This book will give you everything you wish for in a ripping sci-fi book. Be it psychic powers, alien species, evil bugs, super soldiers, incompetent academics, and a hostile planet. The action does not end, and the romance will have you all mushy.

Not Alone, by Sarah K Jackson (2023)

We often read end-of-the-world books and brush off the consequence possibilities. But this one gave me a more realistic perspective and stayed with me long after. The balance between the heroine’s journey and character study was perfect.

Most of the population is wiped out after a microplastic storm, but Katie and Harry, her son, have made it. They live in a small flat in the UK, which is a safe place for them.

But when a threatening newcomer shows up, she and Harry are forced to leave their protective bubble to look for Jack, Katie’s fiancée. This will be a dangerous journey, as everything is changing. Can Katie figure everything out and offer Harry the safety he needs?

Reading from a woman’s POV is the highlight of this book. There are several instances of sexual assault, actual and attempted, but the decent men in the book are commendable and a breath of fresh air.

This read will be a delight if you have a soft spot for a post-apocalyptic book featuring a mother and child traversing a devastating, lawless, and orderless landscape. You will love how Sarah makes the events in this book hit home, feeling like you are in it with the characters.

Camp Zero, by Michelle Min Sterling (2023)

Camp Zero is the feminist climate fiction everyone needs. This remarkable debut by Michelle delivers an intricate design, bold imagination, and convincing details.

It has big ideas on technology, patriarchy, capitalism, environmental destruction, migration, self-recreation, and gender inequality. These will resonate with a concrete sense of reality and give you deep insights into the dangers of the world and the fates we settle for.

Rose is a bright and determined young woman joining a group meant to entertain the men working on the ” Camp Zero project” to initiate a new way of life. But she is on a secret mission to investigate the mercurial architect to get a home for her and her immigrant mother. Everyone here has a hidden agenda, and Rose’s fate is colliding with the researchers.

The twists and turns in this book will evoke feelings of hopelessness and optimism, leaving you doubtful but comforted. It is a must-read if you vehemently advocate for female strength and family bonds.

The Thick and the Lean, by Chana Porter (2023)

This book satisfies your hunger for speculative fiction with a whole new light. It is a story about an ambitious chef, a kitchen maid, and a cyber thief trying to find freedom in a constraining society.

Each character in this book is on a journey to find the answer to what it means to seek physical, spiritual, and philosophical sustenance.

The Thick and the Lean is an excellent inversion into a world where food and sex switch places while religion mediates both for societal manipulation. What makes this book even more fun is that it highlights all the themes using meal descriptions and recipes threaded into different histories and cultures.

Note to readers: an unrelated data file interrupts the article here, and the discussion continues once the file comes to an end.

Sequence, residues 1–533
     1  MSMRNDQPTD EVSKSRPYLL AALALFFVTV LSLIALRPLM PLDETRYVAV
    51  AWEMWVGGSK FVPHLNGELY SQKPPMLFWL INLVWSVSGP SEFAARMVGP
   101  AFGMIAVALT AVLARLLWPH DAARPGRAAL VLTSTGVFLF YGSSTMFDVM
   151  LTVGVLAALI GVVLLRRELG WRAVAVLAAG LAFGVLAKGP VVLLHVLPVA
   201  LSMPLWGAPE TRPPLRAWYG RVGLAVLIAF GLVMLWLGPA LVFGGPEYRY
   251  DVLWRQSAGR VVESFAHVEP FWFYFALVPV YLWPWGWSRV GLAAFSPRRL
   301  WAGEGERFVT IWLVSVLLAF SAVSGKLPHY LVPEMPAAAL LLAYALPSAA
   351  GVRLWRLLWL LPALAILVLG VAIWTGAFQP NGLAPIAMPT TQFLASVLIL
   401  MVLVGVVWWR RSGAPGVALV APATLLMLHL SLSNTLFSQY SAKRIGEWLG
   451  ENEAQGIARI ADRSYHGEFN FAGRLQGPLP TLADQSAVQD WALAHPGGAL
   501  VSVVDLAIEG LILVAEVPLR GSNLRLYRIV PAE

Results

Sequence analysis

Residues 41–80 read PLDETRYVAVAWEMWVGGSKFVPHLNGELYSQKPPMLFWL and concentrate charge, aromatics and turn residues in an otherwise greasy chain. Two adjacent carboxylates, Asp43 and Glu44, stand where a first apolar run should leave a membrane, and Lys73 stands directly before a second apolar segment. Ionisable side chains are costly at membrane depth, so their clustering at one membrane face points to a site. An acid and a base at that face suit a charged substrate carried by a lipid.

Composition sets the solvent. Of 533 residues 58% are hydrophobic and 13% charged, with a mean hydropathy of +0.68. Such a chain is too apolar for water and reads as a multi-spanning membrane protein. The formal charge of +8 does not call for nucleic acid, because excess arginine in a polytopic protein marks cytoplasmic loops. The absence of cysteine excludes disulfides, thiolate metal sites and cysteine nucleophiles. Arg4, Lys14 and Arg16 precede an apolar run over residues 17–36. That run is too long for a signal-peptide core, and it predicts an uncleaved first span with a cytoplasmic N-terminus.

I found this concept unique and well thought out, and I appreciate Chana for offering a fresh touch to conventional dystopian books.

This book will give you a different perspective on diet culture and wellness. It will have you asking crucial questions about choice, privilege, spirituality, wealth, sexuality, lust, and finding freedom and joy within unjust systems.

Witch King, by Martha Wells (2023)

I know this isn't strictly a sci-fi, but I still felt this story has a rightful place on this list. This book will be right up your alley if magic fantasy is your cup of tea. It is a masterpiece in world-building, action, and character development. Notably, Kai, the snarky demon, epitomizes Martha’s creativity.

He wakes up powerless after being murdered and interred in a water trap. Meanwhile, someone is trying to harness his magic for their benefit. Nonetheless, Kai’s priorities are to find out why he was imprisoned, what changed after he was assassinated, and why the Rising World Coalition is becoming more influential by the day.

He must bring his allies nearer and draw on his painful magic to achieve this and find his answers. They won’t be pleasing.

This remarkable story is about what friendship, trust, and power mean when entangled with betrayal. It has enough wit and charm, its world is original, and the quest about cursed rings and named swords is exhilarating.

You will be enthralled if you seek a new fantasy world with emotion-generating characters. Kai may be a crafty and old demon, but don’t trust the outward appearance of directionless spontaneity.

Final Thoughts on Sci-fi Books for New Adults

Drawing from my own personal journeys through the pages of sci-fi novels, I've felt my heartstrings pulled and my emotions tugged in unexpected ways. More than just the drama, action, and suspense, it's the emotional odysseys of the characters that have left the most profound imprints on me. If you're unfamiliar with the depths of emotional exploration this genre can offer, I urge you to delve into this expansive list. As you immerse yourself in these tales, you'll discover that the true power of sci-fi lies not just in envisioning the future, but in revealing the intricate tapestry of emotions, connections, and soul-searching that makes us human.

The emotional journeys within these stories underscore why sci-fi books are essential – they don't just take our minds on an adventure, they touch our very souls.

Check also my favorite philosophical, or multi-layered sci-fi books.